I've mentioned this study before but Sweller et al. (1998) point out that humans are bad at complex reasoning particularly long chains of complex reasoning in working memory. They're especially bad when they have no previous experience to reference.
Sweller and Co. looked at chess players and asked them to reproduce board configurations. Experts were able to reproduce board configurations more accurately than novices as long as those board configurations came from previous matches they had played. If the experts were given random board configurations, they faired no better than the novices. The experts were relying on prior experiences stored in long term memory in order to reproduce the boards. The novices had to use means-end analysis (MEA) to logic their way to reproducing the board configurations.
That MEA maxes out or exceeds the capacity of working memory which we call cognitive overload. Working memory is limited so once you burn it up that's it. Your brain can't brain beyond that limit. Long-term memory comes in with the assist by automating chunks of knowledge.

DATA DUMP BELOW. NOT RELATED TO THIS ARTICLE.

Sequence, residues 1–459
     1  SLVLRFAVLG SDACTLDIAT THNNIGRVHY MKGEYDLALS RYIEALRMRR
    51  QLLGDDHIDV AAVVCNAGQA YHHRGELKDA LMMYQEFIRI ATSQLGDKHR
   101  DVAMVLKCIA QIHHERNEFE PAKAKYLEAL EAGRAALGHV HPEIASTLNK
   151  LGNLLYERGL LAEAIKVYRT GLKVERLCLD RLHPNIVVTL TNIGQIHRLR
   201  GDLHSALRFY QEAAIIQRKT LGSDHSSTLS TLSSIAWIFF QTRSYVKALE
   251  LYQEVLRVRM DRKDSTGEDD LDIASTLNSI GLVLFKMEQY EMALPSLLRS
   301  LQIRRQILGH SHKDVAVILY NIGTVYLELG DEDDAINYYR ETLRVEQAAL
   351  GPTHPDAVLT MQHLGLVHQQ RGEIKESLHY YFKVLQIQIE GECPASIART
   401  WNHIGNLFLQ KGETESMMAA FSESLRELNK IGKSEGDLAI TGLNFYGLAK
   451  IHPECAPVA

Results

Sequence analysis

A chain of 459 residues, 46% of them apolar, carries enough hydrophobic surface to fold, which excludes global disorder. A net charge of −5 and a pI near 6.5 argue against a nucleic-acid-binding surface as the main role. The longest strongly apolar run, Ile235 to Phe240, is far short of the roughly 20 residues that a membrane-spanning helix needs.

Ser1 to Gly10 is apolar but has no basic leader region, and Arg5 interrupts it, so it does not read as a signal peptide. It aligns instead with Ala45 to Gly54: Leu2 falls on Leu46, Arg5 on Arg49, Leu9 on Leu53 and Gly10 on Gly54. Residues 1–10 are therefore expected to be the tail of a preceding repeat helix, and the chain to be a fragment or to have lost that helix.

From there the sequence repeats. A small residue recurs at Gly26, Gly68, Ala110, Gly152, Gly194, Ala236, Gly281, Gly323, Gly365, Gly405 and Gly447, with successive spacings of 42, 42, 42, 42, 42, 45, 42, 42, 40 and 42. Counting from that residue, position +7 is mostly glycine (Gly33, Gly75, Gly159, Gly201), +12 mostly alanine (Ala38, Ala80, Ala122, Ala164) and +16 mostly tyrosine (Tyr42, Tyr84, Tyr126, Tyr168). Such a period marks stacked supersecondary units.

It's why reading letters and sounds as a kid is so taxing but as adults we read and produce words much more effortlessly. It's why driving at first it seems like there's so much to pay attention to but as we reach automaticity with parts of the process, it requires less cognitive load.
Threat modeling is also a complex process. It requires reproducing the architecture, knowing where and how to recognize what is at risk and why, and how to mitigate those threats. A dev might know their architecture (knowing part of it is more likely than all of it), but knowing what is at risk, why, and how to mitigate that risk is a different domain of knowledge. Thus, pulling from the infinite chasm of "what is a threat" with little previous experience to draw from means they're likely engaging in MEA in order to figure it out which leads to cognitive overload.
Threat modeling especially for those of us with wild brains, can venture to all sorts of places when you ask "What is a threat?" The first time I did it my answer was "Elephants". It should be no surprise that things requiring lots of cognitive effort tend to be avoided. As a dev, I can diagram the architecture, but if all the steps beyond that are amorphous and overwhelming chances are I won't do it. Something to consider next time you wonder if you're in infosec why devs don't do more threat modeling.